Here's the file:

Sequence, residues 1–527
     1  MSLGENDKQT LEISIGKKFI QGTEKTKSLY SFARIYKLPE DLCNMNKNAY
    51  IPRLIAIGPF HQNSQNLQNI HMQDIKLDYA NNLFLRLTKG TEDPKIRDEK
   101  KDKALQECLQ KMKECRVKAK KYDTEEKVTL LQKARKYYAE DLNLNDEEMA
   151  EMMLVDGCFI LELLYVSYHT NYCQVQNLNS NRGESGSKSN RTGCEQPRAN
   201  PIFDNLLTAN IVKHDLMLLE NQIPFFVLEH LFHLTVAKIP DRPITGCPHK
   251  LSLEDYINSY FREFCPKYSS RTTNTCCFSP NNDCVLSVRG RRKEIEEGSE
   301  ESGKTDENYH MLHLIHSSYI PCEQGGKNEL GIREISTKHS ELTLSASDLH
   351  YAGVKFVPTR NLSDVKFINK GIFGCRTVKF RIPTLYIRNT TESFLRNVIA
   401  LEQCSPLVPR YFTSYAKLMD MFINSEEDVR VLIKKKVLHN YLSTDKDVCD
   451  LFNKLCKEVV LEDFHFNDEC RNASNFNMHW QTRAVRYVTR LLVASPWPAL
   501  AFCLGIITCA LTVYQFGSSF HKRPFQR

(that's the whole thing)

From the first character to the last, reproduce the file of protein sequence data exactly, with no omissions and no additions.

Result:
Sequence, residues 1–527
     1  MSLGENDKQT LEISIGKKFI QGTEKTKSLY SFARIYKLPE DLCNMNKNAY
    51  IPRLIAIGPF HQNSQNLQNI HMQDIKLDYA NNLFLRLTKG TEDPKIRDEK
   101  KDKALQECLQ KMKECRVKAK KYDTEEKVTL LQKARKYYAE DLNLNDEEMA
   151  EMMLVDGCFI LELLYVSYHT NYCQVQNLNS NRGESGSKSN RTGCEQPRAN
   201  PIFDNLLTAN IVKHDLMLLE NQIPFFVLEH LFHLTVAKIP DRPITGCPHK
   251  LSLEDYINSY FREFCPKYSS RTTNTCCFSP NNDCVLSVRG RRKEIEEGSE
   301  ESGKTDENYH MLHLIHSSYI PCEQGGKNEL GIREISTKHS ELTLSASDLH
   351  YAGVKFVPTR NLSDVKFINK GIFGCRTVKF RIPTLYIRNT TESFLRNVIA
   401  LEQCSPLVPR YFTSYAKLMD MFINSEEDVR VLIKKKVLHN YLSTDKDVCD
   451  LFNKLCKEVV LEDFHFNDEC RNASNFNMHW QTRAVRYVTR LLVASPWPAL
   501  AFCLGIITCA LTVYQFGSSF HKRPFQR